All the 132 children (83% of the original cohort) completing the 2-y follow-up were invited to the 13-y follow-up visit. During the study visit between June 2011 and October 2011, a clinical examination was carried out by AP. Weight, height, mid-upper arm and waist circumference, and blood pressure were measured. Data were prospectively collected by the parents throughout the follow-up on breast-feeding, acute and chronic conditions, antibiotics and other medications, and probiotics and other diet. Data were also collected from the records of well-baby clinics and hospital.

Assessment of Early Behavior Patterns

During the 7th and 12th week of life parents recorded their infants’ behavior patterns (sleeping time, time awake and content, fussing, colic-type cry, other cry, and feeding), vomits, stools with their consistency, and skin condition, using a modified 24-h Barr chart (32) on 7 consecutive days (31,32). Fussing was defined as a state of irritability, “not quite crying but not awake and content”. Other cry was defined as crying responsive to intervention (feeding, diaper change, carrying, sucking a pacifier), and colic-type cry as crying not responsive to such intervention. Total distress, the amount of crying and fussing, was the sum of these various modes as reported by the parents.

Assessment of Neuropsychiatric Disorders

The clinical diagnosis of ADHD and AS was made by an experienced child psychiatrist or neurologist not involved in the study or follow-up and blinded with randomization. The diagnostic criteria of the International Classification of Diseases (ICD-10) were used. Accordingly, a person with ADHD must have at least six of the listed symptoms of inattention and at least three of the listed symptoms of hyperactivity and impulsivity, these having persisted for at least 6 mo to a degree that is maladaptive and inconsistent with the person’s development level. The symptoms must have begun before the age of 7 y, must present in at least two places, negatively affect school, social or occupational functioning, and are not better explained by an alternative disorder. According to the ICD-10, a person with Asperger syndrome shows no clinically significant general delay in spoken or receptive language or cognitive development but has qualitative abnormalities in reciprocal social interaction and unusually intense circumscribed interest or restrictive, repetitive and stereotyped patterns of behavior, interests, and activities. The disorder is not attributable to other varieties of pervasive developmental disorder.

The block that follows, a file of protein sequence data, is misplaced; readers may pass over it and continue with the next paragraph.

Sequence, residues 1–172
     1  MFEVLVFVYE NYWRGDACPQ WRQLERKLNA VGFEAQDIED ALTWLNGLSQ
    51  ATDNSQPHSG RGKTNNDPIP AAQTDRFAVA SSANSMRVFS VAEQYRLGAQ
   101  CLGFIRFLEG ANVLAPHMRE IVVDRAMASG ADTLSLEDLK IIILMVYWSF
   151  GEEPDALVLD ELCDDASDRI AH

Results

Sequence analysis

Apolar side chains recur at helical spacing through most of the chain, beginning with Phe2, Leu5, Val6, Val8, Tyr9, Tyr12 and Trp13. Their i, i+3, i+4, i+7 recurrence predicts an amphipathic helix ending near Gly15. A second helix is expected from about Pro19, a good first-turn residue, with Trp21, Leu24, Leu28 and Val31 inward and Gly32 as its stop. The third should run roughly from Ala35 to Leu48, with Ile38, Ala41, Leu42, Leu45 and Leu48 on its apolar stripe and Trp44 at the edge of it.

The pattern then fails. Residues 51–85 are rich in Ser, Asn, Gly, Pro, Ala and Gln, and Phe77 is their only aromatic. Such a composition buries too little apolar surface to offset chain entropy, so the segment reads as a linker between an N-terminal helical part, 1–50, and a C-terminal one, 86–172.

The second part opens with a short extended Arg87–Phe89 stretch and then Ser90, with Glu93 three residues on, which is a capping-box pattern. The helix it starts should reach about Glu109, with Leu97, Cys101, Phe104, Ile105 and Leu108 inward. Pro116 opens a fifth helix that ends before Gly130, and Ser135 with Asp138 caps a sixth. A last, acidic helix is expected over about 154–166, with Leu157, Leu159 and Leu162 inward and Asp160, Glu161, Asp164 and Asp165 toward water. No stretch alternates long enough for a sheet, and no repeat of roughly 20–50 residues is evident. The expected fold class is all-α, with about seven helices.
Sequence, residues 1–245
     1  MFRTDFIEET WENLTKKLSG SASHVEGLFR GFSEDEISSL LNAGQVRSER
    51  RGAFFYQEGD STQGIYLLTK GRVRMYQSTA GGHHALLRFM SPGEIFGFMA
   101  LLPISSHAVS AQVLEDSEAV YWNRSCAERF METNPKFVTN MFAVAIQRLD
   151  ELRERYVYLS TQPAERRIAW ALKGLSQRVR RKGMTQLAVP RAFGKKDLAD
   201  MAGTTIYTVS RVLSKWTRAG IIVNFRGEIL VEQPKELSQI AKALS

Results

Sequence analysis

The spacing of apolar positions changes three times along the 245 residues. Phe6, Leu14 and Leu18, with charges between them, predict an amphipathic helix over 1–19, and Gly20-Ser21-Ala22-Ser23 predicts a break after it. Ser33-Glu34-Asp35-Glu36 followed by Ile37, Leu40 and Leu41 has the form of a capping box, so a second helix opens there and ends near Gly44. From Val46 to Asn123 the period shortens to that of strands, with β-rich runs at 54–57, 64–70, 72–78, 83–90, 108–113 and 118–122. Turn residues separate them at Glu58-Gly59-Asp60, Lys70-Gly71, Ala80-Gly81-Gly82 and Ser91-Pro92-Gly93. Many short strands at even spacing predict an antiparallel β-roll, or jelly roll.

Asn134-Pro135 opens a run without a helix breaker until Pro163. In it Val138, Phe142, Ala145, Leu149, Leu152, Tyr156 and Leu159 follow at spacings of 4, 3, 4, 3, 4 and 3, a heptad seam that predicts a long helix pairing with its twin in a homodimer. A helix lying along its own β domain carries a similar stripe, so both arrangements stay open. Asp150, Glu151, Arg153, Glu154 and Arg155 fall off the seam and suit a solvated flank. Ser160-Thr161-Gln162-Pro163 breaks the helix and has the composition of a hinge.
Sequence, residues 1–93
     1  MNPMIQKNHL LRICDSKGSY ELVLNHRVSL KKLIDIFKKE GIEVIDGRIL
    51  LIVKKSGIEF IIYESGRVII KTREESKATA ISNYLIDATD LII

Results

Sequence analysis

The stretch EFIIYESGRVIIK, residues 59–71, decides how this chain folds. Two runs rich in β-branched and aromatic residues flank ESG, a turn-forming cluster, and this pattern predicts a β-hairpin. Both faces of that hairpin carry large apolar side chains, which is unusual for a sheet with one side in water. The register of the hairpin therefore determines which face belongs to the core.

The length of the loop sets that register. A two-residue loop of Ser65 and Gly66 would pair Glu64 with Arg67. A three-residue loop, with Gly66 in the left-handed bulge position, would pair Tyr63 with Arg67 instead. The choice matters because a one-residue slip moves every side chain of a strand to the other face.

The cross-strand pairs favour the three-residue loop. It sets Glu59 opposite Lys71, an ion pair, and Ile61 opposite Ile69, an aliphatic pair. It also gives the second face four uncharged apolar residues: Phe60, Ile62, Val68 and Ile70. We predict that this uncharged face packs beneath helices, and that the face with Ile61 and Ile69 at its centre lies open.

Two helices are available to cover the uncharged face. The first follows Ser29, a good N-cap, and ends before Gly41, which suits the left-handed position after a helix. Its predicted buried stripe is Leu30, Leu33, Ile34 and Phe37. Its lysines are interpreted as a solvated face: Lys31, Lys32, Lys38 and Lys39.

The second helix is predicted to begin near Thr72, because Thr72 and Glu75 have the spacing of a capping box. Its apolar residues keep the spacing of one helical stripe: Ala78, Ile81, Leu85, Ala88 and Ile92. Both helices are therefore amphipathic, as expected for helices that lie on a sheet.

Fecal Samples

A fecal sample was taken at 3 wk, 3, 6, 12, 18, 24 mo, and 13 y either by nursing staff at a scheduled visit or by the parents/children immediately before the visit. In the latter case, the sample was stored at 4 °C and delivered to the hospital within 24 h.

DNA Isolation and qPCR Assay

Fecal samples were stored at −80 °C until analyzed. They were pretreated and DNA was extracted using an automated KingFisher DNA extraction system (Thermo Fisher Scientific Oy, Vantaa, Finland) and InviMag Stool DNA kit (Stratec Molecular, Berlin, Germany), as previously described (33). The standard DNA for quantitative PCR (qPCR) was prepared as described elsewhere (33). All DNA samples were stored at −20 °C until analyzed. Quantitative PCRs were conducted as previously described (34,35). PCR amplification and detection were performed with an ABI PRISM 7300-PCR sequence detection system (Applied Biosystems, Foster City, CA).